eBay, which was started by Pierre Omidar in 1995, aptly calls itself 'the World's Online MarketplaceŽ.' If you've ever visited eBay, you've observed its mission statement 'to provide a global trading platform where practically anyone can trade practically anything' in action. Clothing, antiques, trading cards, CDs, A/V equipment, autographs, shoes, used cars, zambonies, toys and much, much more can be procured on the site.

An eBay business takes time and effort, but it can be profitable and fun. In this series we'll focus on how to start your own eBay business, considering common mistakes, essentials to success and steps involved in the process.

This six part series will be broken down into the following installments

Part One: eBay - the Most Common Mistake

Part Two: Getting Started

Part Three: Businesses that Work

Part Four: The Ins and Outs

Part Five: Site Rules and Regulations

Part Six: Basic Internet Business Smarts

Let's consider eBay and how you might use it.

Part One: eBay - the Most Common Mistake

The fact is eBay has given potential retailers a highly visible worldwide storefront from which they can sell their wares. There are a few things to consider in relationship to you as a retailer on eBay prior to setting up your business.

First, can you make money on eBay? Yes you certainly can, but it will require appropriate planning, it will not simply flow to you over the Net. The same sound customer relationship practices that govern your eBay site will also pertain to your online auction site. If you sell something on eBay, your customers will be rating you in terms of quality of merchandise, dependability and value. Thus, it's important to represent your business and products accurately, to deliver what and when you say you will and to be responsive to customer queries.

In creating your online auction site, you should start slowly and learn how to properly use eBay. The most common mistake people make is to try to start out big without understanding the manner in which the site works. eBay, like everything on the Internet, is constantly evolving - every day new merchants sign up, new products are added and new customers buy their first item.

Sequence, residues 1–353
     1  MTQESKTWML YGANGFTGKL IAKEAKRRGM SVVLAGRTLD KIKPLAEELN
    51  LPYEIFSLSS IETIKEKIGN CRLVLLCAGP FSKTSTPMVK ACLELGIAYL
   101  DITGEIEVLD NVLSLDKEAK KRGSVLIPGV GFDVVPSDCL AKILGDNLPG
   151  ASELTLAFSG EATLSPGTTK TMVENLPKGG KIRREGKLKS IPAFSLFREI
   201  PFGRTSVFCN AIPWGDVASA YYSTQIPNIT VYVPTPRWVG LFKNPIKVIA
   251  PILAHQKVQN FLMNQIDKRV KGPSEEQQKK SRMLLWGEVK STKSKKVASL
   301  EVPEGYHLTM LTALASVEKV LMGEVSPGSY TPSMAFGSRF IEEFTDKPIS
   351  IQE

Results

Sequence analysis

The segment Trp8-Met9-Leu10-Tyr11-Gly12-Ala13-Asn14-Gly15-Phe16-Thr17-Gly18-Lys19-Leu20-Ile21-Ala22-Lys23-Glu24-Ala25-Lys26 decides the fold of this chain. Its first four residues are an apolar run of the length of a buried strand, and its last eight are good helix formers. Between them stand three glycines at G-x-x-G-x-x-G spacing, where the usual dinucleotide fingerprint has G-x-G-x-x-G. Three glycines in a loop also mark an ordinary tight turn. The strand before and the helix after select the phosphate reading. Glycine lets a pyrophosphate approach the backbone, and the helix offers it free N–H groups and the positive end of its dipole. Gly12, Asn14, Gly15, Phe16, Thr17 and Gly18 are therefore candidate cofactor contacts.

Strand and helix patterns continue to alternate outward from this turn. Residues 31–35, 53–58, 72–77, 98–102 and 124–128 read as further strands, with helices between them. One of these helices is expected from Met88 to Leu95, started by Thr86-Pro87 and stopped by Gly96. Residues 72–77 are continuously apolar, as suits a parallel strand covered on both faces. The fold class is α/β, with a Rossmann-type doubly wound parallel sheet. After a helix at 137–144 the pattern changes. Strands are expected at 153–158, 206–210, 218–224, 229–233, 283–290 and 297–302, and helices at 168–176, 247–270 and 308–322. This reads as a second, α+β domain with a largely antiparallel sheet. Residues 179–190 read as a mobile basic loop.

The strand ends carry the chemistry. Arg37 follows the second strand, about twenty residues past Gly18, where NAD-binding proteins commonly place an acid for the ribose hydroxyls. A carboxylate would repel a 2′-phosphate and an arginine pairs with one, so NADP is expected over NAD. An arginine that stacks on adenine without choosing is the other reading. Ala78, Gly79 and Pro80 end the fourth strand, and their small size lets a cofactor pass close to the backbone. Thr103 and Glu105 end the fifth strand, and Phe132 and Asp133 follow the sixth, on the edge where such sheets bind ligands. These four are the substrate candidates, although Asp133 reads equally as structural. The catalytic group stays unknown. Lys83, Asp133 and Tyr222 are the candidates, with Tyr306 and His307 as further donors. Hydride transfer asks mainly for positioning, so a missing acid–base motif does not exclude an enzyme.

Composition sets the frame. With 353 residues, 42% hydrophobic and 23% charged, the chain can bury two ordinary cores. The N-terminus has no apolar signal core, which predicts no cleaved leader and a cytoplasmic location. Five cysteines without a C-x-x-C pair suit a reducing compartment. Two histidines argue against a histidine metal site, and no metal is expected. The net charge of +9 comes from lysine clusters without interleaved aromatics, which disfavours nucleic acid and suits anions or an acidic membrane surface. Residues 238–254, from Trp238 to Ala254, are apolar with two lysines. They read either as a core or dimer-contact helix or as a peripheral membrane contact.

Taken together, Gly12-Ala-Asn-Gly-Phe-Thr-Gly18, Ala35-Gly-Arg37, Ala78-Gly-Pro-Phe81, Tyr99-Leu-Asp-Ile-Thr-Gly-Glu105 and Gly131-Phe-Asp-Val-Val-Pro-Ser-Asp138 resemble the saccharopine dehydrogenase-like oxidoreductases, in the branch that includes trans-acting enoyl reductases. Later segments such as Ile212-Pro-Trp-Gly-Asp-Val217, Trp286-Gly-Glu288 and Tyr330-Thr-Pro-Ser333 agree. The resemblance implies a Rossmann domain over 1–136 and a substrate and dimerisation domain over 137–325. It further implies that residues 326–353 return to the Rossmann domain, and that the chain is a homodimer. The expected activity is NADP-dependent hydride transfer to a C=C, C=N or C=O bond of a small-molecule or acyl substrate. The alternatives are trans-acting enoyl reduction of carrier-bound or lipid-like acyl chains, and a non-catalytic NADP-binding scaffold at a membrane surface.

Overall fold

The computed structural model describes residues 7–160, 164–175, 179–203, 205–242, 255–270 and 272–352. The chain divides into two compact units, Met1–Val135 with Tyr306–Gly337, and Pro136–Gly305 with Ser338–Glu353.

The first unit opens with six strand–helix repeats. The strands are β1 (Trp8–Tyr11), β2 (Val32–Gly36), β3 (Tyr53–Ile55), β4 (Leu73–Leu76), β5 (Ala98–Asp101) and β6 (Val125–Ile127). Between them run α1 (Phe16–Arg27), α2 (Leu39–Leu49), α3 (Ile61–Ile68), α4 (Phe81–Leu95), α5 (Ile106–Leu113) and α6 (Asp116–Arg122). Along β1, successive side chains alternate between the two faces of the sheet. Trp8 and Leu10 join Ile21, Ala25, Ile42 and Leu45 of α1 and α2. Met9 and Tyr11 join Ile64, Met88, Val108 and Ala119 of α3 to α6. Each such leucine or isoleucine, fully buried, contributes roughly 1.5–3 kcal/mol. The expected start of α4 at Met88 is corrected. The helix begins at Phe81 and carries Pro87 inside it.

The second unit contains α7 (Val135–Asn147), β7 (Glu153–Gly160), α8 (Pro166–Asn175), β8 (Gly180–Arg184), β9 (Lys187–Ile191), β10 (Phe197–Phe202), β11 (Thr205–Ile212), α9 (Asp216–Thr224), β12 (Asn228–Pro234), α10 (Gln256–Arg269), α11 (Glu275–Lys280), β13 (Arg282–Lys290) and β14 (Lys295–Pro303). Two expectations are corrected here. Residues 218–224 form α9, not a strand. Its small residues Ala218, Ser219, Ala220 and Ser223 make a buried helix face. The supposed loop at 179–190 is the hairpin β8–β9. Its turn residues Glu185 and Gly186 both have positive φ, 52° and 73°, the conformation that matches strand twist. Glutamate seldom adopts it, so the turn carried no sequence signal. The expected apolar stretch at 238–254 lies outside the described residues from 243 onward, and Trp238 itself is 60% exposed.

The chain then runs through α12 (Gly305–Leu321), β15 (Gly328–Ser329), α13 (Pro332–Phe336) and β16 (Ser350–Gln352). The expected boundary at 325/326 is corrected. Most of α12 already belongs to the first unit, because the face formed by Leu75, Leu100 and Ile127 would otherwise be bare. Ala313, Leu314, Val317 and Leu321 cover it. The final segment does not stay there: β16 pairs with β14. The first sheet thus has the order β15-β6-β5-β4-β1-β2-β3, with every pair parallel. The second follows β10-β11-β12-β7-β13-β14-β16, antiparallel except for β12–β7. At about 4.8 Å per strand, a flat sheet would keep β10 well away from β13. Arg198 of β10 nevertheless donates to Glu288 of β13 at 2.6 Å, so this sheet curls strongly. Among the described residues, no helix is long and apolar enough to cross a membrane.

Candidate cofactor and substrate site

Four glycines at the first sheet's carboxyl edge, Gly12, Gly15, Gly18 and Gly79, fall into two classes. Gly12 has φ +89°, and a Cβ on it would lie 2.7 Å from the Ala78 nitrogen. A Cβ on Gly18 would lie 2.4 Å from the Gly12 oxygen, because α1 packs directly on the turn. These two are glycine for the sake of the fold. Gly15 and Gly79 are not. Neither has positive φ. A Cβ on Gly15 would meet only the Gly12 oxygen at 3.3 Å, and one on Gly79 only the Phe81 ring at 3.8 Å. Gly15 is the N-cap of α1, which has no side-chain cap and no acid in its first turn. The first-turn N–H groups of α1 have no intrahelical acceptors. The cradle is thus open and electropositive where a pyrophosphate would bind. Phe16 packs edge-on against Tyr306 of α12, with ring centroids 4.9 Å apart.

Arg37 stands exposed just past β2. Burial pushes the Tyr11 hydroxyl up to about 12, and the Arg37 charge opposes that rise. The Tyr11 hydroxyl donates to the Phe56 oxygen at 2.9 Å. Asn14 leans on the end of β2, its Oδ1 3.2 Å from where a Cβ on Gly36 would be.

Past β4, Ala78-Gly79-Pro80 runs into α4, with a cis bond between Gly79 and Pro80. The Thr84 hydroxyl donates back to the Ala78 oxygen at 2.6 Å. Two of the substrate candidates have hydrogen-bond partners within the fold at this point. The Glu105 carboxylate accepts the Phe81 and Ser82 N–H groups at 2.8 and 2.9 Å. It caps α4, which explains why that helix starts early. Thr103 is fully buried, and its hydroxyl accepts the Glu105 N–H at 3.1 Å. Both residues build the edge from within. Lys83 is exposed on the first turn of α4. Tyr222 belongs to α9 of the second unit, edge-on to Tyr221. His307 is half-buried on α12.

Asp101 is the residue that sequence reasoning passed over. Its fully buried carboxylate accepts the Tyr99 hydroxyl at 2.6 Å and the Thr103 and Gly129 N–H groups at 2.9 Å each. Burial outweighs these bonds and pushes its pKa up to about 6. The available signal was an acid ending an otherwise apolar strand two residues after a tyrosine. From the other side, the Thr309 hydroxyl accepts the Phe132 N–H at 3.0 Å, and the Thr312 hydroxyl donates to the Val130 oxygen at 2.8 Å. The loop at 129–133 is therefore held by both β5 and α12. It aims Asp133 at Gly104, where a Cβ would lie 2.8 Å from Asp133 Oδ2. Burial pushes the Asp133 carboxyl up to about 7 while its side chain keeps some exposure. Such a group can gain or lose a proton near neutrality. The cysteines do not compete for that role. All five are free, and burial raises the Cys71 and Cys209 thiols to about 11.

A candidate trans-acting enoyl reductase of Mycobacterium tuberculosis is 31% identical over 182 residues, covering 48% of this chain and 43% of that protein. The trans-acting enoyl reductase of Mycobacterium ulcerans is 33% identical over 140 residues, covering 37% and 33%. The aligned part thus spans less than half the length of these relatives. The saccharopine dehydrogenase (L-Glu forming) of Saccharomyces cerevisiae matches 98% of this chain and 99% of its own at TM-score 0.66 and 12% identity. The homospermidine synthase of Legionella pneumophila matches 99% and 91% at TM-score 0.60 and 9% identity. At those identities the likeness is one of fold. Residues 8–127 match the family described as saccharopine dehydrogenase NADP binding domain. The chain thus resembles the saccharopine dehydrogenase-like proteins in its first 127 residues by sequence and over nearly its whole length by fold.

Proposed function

To begin, gather four to seven items that you will post to sell on eBay (these can be items you own but that you no longer wish to keep). Articles such as:

  • Books
  • CD's, DVD's and Video Tapes
  • Clothing and Shoes
  • Collectibles and Small Gifts
  • Comic Books, Trading Cards and Memorabilia
  • Kitchen Items
  • Toys and Video Games

To set up your auction, place only one item up for sale. Prior to doing this check and see how much others are asking for similar articles. You'll want to sell one item first, get the feel for how that selling process works and then go onto another item or two, generating positive feedback, learning how to work with your clients and developing an understanding of how best to market your product.

This will not garner much cash, but this process will give you some firsthand experience on selling on eBay. Think of this as a time to flex your auction/retail muscles, to begin to develop a positive online presence and to discover how to set yourself apart in a positive manner from other eBay sellers.

Following this process prior to taking the full plunge will help you succeed in a big way later. Be ready to be patient, observant and to learn some real World Wide Web lessons. Every journey starts with the first step, start with little steps and you will complete your journey successfully. This rule applies not only when you start, but also when you are considering expanding into new product lines, whether through eBay or other marketing media.

In part two of this series, we'll consider some of the steps involved in setting up your eBay auction site.